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June 9, 2014

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Dutch couple tell how they came to Shanghai commuter's aid

FOREIGN tourists praised for helping a woman who collapsed at a city Metro station have told Shanghai Daily that they are paramedics just doing what they’re trained to do.

Dutch couple Ben van der Ven and Monique Koster were in Shanghai on a 16-day holiday when they saw a commuter collapse at People’s Square Station at around 9am on May 22.

Accounts and photographs of them helping her were posted online and the couple were praised for their calmness, efficiency and professionalism.

Van der Ven, 45, e-mailed Shanghai Daily recently after seeing coverage in the newspaper and explained that he and Koster were volunteer paramedics with the Red Cross.

They are trained in lifesaving techniques including resuscitation, defibrillation oxygen treatment and advanced first aid.

“We’ve been doing this for 20 years, so are very experienced,” wrote van der Ven, whose several part-time jobs include working at an indoor ski slope and driving an ambulance.

Modestly, he downplayed the couple’s role in the incident, saying they didn’t do much apart from making sure the commuter, who had suffered an epileptic episode with severe muscle contractions, did not hurt herself.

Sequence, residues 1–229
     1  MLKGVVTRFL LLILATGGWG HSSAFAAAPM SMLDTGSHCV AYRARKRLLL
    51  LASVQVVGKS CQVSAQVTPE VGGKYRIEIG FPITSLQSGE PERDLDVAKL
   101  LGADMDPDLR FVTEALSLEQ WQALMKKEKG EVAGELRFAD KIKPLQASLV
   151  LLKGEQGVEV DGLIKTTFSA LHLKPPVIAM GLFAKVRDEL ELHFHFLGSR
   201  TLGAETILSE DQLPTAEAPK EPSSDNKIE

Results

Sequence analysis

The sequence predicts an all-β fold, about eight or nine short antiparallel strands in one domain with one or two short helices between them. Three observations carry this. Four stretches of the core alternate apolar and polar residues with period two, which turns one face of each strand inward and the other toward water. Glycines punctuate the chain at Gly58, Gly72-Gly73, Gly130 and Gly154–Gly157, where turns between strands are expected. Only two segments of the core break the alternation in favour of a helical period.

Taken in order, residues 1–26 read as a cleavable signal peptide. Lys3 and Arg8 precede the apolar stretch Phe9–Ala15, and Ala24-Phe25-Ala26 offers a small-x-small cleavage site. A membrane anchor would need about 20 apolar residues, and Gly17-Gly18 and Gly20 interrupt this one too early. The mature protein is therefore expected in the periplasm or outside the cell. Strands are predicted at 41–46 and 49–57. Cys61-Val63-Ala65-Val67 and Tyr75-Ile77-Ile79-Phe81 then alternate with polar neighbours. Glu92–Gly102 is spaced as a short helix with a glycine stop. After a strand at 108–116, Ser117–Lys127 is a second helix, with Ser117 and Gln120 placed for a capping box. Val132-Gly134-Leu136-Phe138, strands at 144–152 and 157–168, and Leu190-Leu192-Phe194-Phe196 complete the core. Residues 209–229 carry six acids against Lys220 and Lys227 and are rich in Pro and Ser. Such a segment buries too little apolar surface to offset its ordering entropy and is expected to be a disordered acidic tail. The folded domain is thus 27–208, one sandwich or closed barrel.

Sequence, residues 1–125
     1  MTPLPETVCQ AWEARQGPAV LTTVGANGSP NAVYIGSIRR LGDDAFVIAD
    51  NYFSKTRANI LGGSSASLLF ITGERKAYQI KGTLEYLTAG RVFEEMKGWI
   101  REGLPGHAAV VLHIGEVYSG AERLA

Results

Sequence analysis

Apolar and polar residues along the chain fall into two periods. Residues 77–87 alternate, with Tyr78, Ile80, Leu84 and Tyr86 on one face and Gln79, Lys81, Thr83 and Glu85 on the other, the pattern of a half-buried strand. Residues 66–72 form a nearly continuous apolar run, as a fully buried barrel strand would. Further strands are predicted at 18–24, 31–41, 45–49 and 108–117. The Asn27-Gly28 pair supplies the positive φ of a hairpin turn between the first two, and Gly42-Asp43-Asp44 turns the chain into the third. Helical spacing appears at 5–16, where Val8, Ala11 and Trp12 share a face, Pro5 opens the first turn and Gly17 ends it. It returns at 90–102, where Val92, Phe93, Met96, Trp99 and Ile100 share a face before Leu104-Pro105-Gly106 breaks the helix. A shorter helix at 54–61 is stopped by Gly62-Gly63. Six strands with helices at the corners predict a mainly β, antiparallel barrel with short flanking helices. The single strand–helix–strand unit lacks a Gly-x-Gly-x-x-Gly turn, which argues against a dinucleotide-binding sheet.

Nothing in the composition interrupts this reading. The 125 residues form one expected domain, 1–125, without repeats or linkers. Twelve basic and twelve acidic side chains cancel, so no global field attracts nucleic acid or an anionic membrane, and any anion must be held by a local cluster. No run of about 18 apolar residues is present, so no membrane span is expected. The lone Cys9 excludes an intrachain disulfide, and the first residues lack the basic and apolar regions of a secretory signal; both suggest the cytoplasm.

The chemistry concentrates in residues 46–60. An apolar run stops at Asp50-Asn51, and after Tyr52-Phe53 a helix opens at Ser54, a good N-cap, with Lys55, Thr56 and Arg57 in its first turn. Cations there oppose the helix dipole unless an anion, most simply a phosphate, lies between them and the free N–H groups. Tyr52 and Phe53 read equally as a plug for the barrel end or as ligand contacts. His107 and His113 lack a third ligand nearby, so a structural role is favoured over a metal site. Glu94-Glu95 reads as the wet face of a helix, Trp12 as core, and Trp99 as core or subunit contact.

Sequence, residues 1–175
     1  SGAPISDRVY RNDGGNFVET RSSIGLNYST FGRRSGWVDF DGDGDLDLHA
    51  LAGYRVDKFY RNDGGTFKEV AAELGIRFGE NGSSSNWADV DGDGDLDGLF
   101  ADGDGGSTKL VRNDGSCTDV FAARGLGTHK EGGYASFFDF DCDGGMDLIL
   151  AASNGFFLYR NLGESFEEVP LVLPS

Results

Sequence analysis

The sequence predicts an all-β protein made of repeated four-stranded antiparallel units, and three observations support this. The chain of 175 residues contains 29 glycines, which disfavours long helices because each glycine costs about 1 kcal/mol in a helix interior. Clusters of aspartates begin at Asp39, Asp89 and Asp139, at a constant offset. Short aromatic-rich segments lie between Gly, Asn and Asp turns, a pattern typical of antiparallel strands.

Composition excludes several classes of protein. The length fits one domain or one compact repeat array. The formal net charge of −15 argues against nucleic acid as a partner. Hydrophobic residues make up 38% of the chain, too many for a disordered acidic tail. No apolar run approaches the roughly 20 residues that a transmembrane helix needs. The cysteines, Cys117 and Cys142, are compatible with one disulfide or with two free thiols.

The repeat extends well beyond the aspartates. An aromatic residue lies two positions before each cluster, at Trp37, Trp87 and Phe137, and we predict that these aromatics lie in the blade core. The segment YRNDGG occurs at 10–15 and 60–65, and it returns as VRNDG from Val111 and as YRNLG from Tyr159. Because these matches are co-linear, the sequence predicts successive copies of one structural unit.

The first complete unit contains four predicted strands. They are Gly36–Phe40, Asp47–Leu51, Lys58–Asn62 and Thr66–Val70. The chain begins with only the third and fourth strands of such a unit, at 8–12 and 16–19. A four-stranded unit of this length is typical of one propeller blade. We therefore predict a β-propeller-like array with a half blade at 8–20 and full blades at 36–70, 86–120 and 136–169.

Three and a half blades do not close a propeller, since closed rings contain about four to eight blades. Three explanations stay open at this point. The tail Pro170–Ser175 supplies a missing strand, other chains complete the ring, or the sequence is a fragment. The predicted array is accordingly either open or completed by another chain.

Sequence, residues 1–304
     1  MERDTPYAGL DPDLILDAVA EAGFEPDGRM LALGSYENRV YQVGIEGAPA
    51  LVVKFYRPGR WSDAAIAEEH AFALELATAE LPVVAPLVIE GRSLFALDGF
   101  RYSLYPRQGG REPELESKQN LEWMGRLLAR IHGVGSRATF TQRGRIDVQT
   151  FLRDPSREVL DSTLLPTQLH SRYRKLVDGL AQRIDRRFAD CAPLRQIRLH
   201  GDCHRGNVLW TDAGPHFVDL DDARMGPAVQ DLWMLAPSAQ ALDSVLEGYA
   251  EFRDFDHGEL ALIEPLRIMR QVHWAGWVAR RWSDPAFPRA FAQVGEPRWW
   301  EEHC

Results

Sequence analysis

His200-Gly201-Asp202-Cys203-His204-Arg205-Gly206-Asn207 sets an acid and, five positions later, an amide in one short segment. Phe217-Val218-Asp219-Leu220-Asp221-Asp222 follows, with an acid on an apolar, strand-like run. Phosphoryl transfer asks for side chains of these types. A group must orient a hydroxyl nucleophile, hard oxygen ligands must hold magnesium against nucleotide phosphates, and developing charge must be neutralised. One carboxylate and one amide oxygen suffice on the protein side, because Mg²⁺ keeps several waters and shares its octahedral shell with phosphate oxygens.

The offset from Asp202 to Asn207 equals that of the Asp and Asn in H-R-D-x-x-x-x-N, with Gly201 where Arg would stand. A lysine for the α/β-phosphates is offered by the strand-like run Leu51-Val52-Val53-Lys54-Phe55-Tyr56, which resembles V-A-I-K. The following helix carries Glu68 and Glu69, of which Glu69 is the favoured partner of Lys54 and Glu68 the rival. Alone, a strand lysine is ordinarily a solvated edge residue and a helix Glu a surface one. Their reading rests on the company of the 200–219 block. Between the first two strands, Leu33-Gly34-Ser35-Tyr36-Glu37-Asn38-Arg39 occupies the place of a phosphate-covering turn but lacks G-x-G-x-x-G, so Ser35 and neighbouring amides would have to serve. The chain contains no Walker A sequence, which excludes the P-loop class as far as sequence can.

Van der Ven also recounted how he and Koster helped the 57-year-old.

“We first look at the airway see if it’s clear. In this case, her tongue was between her teeth, so we solved that problem as you can easily bite off your tongue.

“After that, we looked at the breathing, which was very fast in this case, but also no problem.

“Then the circulation — a very high heartbeat, which is normal for the condition she was in.

“Normally, contractions stop after several minutes. People get very tired because of the attack,” van der Ven explained.

“A nice Chinese girl offered to translate, which she did perfectly.

“When the woman was coming to her senses again, she said that she had epilepsy. So we asked if she could sit in a quiet place for a while,” he added.

“The ambulance personnel checked her vital signs again, and after that, she could leave. Normally, you don’t have to go to hospital,” van der Ven said.

In photographs of the incident, van der Ven and his girlfriend are seen to be wearing medical gloves.

“We work with a protocol as safety is the first thing for us and the victim. Therefore, always gloves,” he explained.

“We also had a small medical kit with us, but didn’t need it.”

Helping someone who has fallen has become contentious in China, with high-profile cases of apparent victims blaming good Samaritans for their fall and claiming compensation.

Van der Ven said this has not happened to him and he would never hesitate to come to someone’s aid. “I work as a volunteer with the Red Cross and such news wouldn’t stop me.”


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